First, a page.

Thursday, November 16, 2006

I am a title insurance agent.

Everyday I work with prevention of title claims prior to closing and correction of title problems that are discovered later. Over my morning coffee, these are the problems on my desk to work out this morning:

1. File closed in 1999 with owner title policy. The insured just received notice of revival of a state tax lien from 1997 in the amount of $696. I’ll be reviewing our search file to see if the lien is valid. If so, how was it missed? If the lien is not valid, we’ll defend the property and fix the problem. If the lien is valid, it will be paid. The insured owner is covered.

2. I have a search that revealed a second mortgage in foreclosure. The sellers had filed bankruptcy and assumed they could ignore the foreclosure notice. They put the property on the market and sold it to a buyer who was smart enough to order title insurance. We suggested that the seller pursue a “short sale” – a reduced payoff with the lender to avoid foreclosure. I’ll help them process the short sale request later today.

3. I have a corrective deed to prepare and send out to a seller. Both the buyer and the seller failed to disclose there was a second parcel that should have been conveyed back in 2003 when we insured their title and closed the purchase transaction. When discovered, the seller’s attorney refused to assist the correction in any way even though he had prepared the original incorrect deed. We are fixing it.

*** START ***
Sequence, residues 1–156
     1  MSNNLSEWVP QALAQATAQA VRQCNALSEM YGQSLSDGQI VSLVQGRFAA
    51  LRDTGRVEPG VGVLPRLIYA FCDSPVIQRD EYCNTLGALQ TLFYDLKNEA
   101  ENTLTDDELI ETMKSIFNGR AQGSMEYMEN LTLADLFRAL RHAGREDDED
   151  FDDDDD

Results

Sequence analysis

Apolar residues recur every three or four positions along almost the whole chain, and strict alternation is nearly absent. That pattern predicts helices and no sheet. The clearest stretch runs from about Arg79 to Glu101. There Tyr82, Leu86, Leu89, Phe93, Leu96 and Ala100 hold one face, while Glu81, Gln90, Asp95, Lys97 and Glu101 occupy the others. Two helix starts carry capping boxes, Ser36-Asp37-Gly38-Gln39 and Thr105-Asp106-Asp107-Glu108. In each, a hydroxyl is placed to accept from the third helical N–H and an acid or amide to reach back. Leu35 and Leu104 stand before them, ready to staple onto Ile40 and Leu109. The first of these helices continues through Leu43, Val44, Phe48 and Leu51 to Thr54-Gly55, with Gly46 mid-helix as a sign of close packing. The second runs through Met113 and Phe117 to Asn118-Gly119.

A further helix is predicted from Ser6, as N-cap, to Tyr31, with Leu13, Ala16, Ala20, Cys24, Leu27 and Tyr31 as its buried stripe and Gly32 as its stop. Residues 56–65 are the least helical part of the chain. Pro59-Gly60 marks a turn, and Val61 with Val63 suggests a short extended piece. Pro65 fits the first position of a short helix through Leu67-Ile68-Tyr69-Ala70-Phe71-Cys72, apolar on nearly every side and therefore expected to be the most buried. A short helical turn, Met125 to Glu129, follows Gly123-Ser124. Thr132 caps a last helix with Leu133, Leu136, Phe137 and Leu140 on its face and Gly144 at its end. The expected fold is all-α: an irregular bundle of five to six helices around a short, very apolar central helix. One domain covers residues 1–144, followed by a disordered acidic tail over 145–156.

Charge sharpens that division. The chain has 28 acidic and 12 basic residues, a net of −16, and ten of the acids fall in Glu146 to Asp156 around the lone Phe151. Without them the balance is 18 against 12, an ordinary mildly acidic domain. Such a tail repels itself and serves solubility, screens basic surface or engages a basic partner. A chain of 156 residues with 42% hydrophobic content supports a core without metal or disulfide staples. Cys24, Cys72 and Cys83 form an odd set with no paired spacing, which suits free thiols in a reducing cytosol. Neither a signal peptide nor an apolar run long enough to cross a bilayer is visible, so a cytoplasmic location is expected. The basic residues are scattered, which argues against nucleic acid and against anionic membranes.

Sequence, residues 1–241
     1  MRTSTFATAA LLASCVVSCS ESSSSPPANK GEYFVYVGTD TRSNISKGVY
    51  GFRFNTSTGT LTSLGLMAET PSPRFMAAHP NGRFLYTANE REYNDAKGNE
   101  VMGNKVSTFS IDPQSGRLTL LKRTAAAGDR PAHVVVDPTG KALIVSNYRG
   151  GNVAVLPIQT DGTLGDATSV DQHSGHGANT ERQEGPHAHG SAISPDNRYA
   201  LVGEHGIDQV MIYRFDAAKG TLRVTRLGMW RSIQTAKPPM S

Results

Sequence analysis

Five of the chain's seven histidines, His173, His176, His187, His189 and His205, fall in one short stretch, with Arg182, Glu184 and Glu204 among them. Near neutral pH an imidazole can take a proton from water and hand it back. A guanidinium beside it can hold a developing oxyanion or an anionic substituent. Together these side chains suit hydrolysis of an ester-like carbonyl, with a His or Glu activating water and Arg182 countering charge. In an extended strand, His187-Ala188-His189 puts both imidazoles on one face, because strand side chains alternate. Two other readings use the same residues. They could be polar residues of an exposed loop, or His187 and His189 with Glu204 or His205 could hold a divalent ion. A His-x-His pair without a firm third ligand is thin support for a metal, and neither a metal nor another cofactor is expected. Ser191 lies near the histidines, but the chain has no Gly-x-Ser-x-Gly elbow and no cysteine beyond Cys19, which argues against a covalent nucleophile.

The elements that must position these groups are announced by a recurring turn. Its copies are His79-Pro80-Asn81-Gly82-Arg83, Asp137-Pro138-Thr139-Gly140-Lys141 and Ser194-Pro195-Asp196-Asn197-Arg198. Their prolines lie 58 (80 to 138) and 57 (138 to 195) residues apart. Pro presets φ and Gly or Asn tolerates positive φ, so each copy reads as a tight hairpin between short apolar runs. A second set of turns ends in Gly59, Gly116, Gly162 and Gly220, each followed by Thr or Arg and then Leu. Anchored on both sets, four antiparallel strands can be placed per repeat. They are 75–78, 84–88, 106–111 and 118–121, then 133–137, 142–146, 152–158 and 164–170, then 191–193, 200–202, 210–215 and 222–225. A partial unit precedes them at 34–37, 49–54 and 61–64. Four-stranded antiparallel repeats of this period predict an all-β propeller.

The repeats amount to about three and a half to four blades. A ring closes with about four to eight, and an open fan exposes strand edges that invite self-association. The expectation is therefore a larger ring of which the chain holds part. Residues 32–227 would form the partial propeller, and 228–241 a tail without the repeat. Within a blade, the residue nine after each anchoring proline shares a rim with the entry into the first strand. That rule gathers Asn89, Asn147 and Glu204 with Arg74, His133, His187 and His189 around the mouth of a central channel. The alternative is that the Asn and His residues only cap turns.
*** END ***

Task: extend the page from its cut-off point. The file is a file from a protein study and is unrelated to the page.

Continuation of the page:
4. In 2005 we held money from a seller’s proceeds to satisfy numerous liens. They had been paid but not satisfied of record. The seller’s attorney will not return our phone calls. We are hiring an attorney – at the seller’s expense from the funds in escrow – to resolve and satisfy the liens and clear the title.

These four simple cases are part of my normal everyday work life. Each of the files is covered by an owner title insurance policy and thus the work I am doing is part of that coverage. It’s unlikely that any of this work will be counted in claims reported by title insurance companies. This is the unseen work done by the folks who get the lion’s share of the title insurance premium.

This afternoon, I’ll have a new set of title issues to work on. I love my job and hope this helps you understand why an owner title insurance policy is a good investment.

No comments: